“Today’s announcement of Ocean Wind 1’s Record of Decision represents a major change not only for Oerstedt, but for New Jersey’s nation’s leading offshore wind industry,” said New Jersey Governor Phil Murphy. , in a publication.
Construction is already underway on two other large offshore wind projects approved by the Department of the Interior’s Bureau of Ocean Energy Management (BOEM).
The Vineyard Wind 1 project off Massachusetts and the South Fork Wind project off Rhode Island and New York are expected to generate about 800 MW and 130 MW, respectively.
Ocean Wind 1 is the largest project of the three. Orstead projects that Ocean Wind 1 will generate 1,100 megawatts of power from 98 General Electric Haliad-X wind turbines placed about 15 miles off the coast of southern New Jersey.
“The [approval] “Represents an important step forward in bringing clean, renewable sea air to New Jersey’s homes and businesses,” said Alison McLeod, Senior Policy Director of the New Jersey League of Conservation Voters.
The Interior Department described the approval as a step forward for the offshore wind industry and in a release described it as “significant progress” toward the Biden administration’s goal of developing 30 gigawatts of offshore wind power by 2030.
“The Biden-Harris administration has worked to jump-start the offshore wind industry across the country — and today’s approval of the Ocean Wind 1 project is another milestone in our efforts to fight climate change and create good-paying union jobs while powering our nation,” said Interior Secretary Deb Holland. publication.
But to achieve the administration’s climate goals, proposed wind projects up and down the East Coast must overcome steep obstacles, including opposition from Republicans and local residents. Opposition is particularly strong in Cape May County, where many coastal communities can locate offshore wind farms.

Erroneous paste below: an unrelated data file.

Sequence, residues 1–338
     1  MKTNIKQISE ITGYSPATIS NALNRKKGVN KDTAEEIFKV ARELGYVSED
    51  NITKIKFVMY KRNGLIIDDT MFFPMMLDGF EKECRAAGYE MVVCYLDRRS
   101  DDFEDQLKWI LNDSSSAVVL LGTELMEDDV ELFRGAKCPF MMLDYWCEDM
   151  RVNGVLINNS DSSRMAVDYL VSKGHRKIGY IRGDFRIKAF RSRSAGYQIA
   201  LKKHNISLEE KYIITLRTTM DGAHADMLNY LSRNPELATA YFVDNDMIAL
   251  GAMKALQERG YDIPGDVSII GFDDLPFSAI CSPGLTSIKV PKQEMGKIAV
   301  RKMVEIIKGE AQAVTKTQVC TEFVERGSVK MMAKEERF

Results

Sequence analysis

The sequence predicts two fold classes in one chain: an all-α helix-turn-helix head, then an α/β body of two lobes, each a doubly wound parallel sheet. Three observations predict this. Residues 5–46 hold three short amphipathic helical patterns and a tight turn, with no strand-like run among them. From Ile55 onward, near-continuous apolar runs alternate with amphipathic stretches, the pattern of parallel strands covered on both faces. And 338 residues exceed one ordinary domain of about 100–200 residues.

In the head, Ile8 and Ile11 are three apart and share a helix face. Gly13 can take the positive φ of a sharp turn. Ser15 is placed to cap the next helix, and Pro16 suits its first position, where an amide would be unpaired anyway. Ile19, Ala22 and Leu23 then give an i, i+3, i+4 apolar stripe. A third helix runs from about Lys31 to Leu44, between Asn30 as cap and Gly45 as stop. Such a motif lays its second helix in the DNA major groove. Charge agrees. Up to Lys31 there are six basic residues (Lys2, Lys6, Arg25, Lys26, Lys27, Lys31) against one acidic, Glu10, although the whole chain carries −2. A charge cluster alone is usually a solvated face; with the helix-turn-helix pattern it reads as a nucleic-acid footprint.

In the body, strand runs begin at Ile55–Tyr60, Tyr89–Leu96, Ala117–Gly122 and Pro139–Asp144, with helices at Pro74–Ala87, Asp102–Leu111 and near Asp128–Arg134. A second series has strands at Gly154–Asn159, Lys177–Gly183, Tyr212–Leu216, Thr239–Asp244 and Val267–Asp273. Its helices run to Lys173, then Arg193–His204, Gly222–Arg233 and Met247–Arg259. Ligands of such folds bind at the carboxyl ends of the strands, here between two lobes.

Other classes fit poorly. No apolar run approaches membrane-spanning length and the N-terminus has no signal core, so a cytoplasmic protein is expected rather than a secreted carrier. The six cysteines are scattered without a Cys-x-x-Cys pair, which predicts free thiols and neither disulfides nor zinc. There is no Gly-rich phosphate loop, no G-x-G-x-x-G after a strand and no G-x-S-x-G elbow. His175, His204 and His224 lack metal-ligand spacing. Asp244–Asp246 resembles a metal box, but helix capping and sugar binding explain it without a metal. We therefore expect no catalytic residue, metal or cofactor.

Residents have joined groups like Our Coastal NJ to rally against the project based on concerns ranging from whale deaths to the impact the turbines could have on local tourism. These activist groups have taken legal action against the wind project.
It has also enlisted district attorneys in efforts to block offshore wind development. In June, Distt Voted to add Two law firms add to its legal team to challenge federal regulatory decisions and permits issued to Orsted by the New Jersey Department of Environmental Protection.
Former New Jersey Superior Court Judge Michael J. Donohue, who serves as special counsel to the county, said Cape May County is reviewing BOEM’s decision and will “determine what avenues are available to pursue legal challenges, if any.”
In addition to the legal challenges, there is Ocean Wind 1 suffered From rising interest rates and inflation. The New Jersey Legislature last week briefly approved a bill that would allow Orstead to keep federal tax credits in an effort to address what lawmakers described as lingering economic impacts from inflation and the Covid-19 pandemic.
Despite these setbacks, with BOEM approval, the project is on track to begin offshore construction this fall and ramp up offshore construction by 2024, Orsted said in a release. The project is expected to start commercial operations in 2025.